Los Angeles County District Attorney Steve Cooley announced today the launch of a 24-hour tip line and program that will pay residents up to $5,000 for information leading to the arrest or conviction of individuals involved in the brutal sport of dog fighting.
Beginning today, residents can call 1-877-NO2FITE and provide information about a dog fighting ring, an upcoming dog fight or an individual who is involved in dog fighting.
If someone is aware of a fight in progress, they should call 911 immediately, Cooley said.
“Our goal is to encourage citizens to help law enforcement root out a brutal crime that often goes unreported and occurs in the shadows,” Cooley said during a press conference.
Joining Cooley was Jennifer Fearing, California senior state director with The Humane Society of the United States, which is funding the reward program and helping to fund the tip line. The Los Angeles County District Attorney’s Office is the first in the nation to join forces with HSUS to launch a tip line dedicated to eradicating dog fighting.
“Los Angeles County residents have a true champion for animals in District Attorney Cooley,” Fearing said. “Dog fighting is a horrifically cruel blood sport and this tip line will be an excellent tool to help expunge this crime from Los Angeles.”
Cooley said the program is unique in that calls will be answered by a person 24 hours a day. The tip line will be available in both Spanish and English.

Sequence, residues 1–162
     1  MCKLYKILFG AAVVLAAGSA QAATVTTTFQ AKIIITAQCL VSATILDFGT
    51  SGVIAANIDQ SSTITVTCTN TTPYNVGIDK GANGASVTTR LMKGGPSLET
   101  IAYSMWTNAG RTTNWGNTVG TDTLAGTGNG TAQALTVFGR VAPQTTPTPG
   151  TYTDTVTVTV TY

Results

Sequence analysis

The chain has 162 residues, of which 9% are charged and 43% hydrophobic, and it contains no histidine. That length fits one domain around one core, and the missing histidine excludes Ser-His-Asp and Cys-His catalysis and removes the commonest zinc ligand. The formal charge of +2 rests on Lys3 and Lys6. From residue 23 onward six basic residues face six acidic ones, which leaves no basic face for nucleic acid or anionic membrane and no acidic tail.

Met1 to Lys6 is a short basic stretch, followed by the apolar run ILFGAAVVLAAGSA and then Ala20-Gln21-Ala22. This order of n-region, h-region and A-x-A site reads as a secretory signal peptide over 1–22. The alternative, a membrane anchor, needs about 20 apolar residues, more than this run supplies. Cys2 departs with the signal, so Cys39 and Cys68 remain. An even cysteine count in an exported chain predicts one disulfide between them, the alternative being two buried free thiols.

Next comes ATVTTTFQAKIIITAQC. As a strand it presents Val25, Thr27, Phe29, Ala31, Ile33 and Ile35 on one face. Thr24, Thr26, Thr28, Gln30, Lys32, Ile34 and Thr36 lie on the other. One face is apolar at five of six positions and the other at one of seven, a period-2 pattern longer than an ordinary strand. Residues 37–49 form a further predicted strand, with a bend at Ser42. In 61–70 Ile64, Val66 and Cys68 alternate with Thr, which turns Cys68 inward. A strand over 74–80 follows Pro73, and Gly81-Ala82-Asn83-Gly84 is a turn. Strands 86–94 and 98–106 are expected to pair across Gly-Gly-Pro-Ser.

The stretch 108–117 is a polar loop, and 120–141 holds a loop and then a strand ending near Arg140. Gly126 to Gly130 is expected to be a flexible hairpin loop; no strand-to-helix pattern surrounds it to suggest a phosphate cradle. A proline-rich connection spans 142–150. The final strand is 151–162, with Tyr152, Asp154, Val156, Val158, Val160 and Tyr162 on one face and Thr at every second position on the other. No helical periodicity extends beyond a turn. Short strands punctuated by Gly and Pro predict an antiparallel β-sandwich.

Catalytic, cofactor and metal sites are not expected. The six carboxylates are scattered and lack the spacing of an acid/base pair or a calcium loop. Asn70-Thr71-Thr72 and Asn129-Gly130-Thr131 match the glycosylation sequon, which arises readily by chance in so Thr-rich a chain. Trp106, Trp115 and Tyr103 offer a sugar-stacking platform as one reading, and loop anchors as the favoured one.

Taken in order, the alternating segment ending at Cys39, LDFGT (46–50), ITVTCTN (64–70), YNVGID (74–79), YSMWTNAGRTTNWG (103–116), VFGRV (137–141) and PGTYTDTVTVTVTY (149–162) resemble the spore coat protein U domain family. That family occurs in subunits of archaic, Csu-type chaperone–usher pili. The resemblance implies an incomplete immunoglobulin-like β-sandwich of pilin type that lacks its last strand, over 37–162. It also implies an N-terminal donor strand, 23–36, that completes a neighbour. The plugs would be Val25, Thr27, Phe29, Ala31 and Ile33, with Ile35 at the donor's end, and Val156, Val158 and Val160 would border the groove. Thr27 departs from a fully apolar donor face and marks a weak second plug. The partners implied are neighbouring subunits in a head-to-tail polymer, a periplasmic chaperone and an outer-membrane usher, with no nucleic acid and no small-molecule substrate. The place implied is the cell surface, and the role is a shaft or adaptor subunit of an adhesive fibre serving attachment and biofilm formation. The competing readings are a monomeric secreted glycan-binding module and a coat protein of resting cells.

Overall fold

The tips will be passed on to the appropriate law enforcement agency for investigation.
Residents who call can remain anonymous and still collect up to $5,000 if the information leads to arrests or convictions for dog fighting.
Illegal dog fighting is a felony that carries a maximum sentence of three years in state prison. Being present at a fight or while preparations are being made for a dog fight is a misdemeanor that carries a sentence of up to six months in jail.
The Humane Society estimates that dog fighting is widespread in Los Angeles County. In the United States, the HSUS estimates that 40,000 people follow organized dog fighting circuits and more than 250,000 dogs are made to suffer in dog fighting pits each year.
Cooley added that law enforcement is keenly aware that tips on dog fighting most likely will lead to other crimes, such as drug dealing and weapons possession.
“We expect that these tips will be a starting point for major criminal investigations,” he said.
Also joining Mr. Cooley were Clancy, a 13-year-old pit bull rescued off the streets of South Los Angeles when he couldn’t win any more fights for his owner, and Honey, 2 1/2-year-old pit bull possibly used as a bait dog.
A true survivor, Clancy was emaciated, weighing just 65 pounds, when he was discovered on a woman’s front lawn two years ago. His ears were so infected he couldn’t lift his head. Now he weighs 90 pounds and is the lead dog at Downtown Dog Rescue, helping other pit bulls become social so that they can be adopted too. He is a wonderful example of a dog that beat all the odds to become a loving pet, living in his home with five other dogs.
Honey is a 2 1/2-year-old pit bull found last year lying in the street in a pool of blood with extensive puncture wounds. She appeared to have been slashed with a razor blade and possibly used as a bait dog.
Honey was rushed to an emergency vet in Santa Monica who saved her life. Following weeks of recovery, she went to a foster home and then was adopted by her current owner who met her at a dog park.